Monday, October 2nd 2017, 7:00-9:00pm
We are all atheists about most of the gods that societies have ever believed in. Some of us just go one god further.
― Richard Dawkins
God does not belong to the class of existing things: not that He has no existence, but that He is above all existing things, nay even above existence itself.
― Saint John of Damascus, On the Orthodox Faith I.4
When you realize that the laws of nature must be incredibly finely tuned to produce the universe we see, that conspires to plant the idea that the universe did not just happen, but that there must be a purpose behind it.
― Sir John Polkinghorne
I should say that the universe is just there, and that’s all.
― Sir Bertrand Russell
Do the natural sciences or serious philosophy give us any reason to believe or disbelieve in God? Both the great atheist Richard Dawkins and the great Eastern theologian Saint John of Damascus agree that there is no such thing in the universe as a god. Indeed, Greek and Roman pagans accused the early Christians of being atheists. Why? Because the idea that the entire material universe derives from an eternal, transcendent, and necessarily existent Mind, is rather different from the question of whether or not there is a Zeus. Zeus would be an object within the universe, and seeking him out would not be qualitatively different from the search for the yeti or extraterrestrials or Amelia Earhart. But the question of whether the universe itself gives evidence of being contingent and designed is another kettle of fish.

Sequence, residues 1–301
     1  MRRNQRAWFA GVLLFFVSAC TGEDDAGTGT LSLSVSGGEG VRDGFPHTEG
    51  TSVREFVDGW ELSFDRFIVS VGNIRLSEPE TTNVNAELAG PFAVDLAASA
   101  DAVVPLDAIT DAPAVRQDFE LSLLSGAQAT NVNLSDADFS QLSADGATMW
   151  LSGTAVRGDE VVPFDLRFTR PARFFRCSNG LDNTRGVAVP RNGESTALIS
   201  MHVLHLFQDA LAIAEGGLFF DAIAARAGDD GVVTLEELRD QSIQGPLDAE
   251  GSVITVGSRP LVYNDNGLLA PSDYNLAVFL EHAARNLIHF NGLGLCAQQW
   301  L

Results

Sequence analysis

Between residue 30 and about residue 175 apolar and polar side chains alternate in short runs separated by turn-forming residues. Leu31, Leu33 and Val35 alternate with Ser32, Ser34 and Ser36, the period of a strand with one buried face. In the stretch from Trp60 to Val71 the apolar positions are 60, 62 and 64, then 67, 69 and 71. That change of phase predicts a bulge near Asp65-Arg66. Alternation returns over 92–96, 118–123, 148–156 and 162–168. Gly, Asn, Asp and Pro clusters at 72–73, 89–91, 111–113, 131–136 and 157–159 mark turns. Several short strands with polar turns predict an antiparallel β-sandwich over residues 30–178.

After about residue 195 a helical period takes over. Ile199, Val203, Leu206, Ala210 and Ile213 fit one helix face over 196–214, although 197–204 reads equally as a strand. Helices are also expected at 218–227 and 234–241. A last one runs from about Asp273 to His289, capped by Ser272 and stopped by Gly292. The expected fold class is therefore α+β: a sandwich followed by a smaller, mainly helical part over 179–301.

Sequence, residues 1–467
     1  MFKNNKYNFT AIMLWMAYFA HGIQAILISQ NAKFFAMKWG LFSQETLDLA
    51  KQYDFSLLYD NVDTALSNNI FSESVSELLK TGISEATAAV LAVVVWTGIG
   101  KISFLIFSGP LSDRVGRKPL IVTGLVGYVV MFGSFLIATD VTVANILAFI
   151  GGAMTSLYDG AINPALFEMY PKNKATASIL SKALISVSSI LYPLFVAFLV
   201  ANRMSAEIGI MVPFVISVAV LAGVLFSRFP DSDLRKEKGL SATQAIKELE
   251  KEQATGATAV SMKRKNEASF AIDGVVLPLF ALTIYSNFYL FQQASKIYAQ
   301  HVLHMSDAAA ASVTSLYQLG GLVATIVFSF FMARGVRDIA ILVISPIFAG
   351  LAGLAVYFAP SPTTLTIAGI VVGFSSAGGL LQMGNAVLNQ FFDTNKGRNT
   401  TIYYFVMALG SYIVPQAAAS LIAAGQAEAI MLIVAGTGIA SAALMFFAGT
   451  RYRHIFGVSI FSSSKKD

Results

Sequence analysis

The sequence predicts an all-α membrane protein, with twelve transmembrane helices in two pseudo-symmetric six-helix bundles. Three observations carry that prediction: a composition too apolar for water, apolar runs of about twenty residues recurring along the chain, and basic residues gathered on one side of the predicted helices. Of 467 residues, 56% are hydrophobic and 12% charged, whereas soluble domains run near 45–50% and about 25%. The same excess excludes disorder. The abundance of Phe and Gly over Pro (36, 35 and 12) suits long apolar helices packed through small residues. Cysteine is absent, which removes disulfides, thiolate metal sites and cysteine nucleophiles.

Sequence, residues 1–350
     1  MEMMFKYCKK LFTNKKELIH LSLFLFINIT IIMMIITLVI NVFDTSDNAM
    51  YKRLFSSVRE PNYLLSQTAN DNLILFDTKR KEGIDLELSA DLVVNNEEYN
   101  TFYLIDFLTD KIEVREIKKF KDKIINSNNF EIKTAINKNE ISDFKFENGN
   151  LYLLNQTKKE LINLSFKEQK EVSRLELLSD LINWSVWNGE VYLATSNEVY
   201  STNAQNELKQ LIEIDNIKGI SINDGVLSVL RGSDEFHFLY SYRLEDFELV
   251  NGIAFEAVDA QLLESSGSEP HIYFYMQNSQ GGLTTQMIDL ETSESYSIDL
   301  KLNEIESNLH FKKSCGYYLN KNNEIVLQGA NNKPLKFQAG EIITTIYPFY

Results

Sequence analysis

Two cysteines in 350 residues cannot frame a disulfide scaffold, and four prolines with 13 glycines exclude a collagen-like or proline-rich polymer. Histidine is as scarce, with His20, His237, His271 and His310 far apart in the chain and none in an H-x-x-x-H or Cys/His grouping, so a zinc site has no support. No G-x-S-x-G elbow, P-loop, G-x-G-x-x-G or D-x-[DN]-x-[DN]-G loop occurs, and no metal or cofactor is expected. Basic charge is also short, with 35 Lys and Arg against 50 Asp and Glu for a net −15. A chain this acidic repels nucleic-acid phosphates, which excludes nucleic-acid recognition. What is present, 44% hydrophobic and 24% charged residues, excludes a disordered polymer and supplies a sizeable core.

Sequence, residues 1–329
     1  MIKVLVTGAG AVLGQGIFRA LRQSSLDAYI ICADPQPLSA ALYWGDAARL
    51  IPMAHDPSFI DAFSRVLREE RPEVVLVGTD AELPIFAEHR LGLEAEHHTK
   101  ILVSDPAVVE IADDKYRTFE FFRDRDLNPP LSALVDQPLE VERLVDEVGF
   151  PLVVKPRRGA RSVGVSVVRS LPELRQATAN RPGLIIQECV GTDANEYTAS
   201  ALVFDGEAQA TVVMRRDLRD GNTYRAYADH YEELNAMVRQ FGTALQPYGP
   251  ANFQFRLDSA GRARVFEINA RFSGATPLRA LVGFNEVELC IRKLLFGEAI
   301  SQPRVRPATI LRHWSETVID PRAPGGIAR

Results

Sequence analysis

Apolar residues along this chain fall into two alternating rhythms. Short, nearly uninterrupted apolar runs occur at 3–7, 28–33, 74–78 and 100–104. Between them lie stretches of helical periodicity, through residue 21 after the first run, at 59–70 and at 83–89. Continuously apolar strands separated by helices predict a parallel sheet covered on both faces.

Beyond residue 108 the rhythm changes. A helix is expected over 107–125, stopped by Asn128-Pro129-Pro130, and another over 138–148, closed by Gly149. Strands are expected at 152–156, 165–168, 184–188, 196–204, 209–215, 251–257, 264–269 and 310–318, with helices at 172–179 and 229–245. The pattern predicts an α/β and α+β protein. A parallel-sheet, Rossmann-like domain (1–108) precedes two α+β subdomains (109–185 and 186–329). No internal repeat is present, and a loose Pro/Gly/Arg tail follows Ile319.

If you’re a graduate student in the natural sciences based here in New York City, please join us on Monday, October 2nd for this important conversation. We’ll gather for wine and hors d’oeuvres at Vanguard from 7:00-9:00 to ask:
- Is the Big Bang evidence of the Christian, Jewish, and Muslim doctrine of creatio ex nihilo?
- Is our universe really a Goldilocks universe, finely tuned for the eventual emergence of intelligent life? If it were, what, if anything, would it prove?
- Are natural explanations sufficient to explain the natural world?
- And more…
For further details email our admin.
This Socratic Happy Hour dialogue is part of our ongoing SCI+FAI project, which seeks to foster deeper conversations around the big questions in science and religion. These dialogues are sponsored by Fuller Theological Seminary’s STEAM Project (Science & Theology for Emerging Adult Ministries), the John Templeton Foundation, and InterVarsity’s Graduate & Faculty Ministries.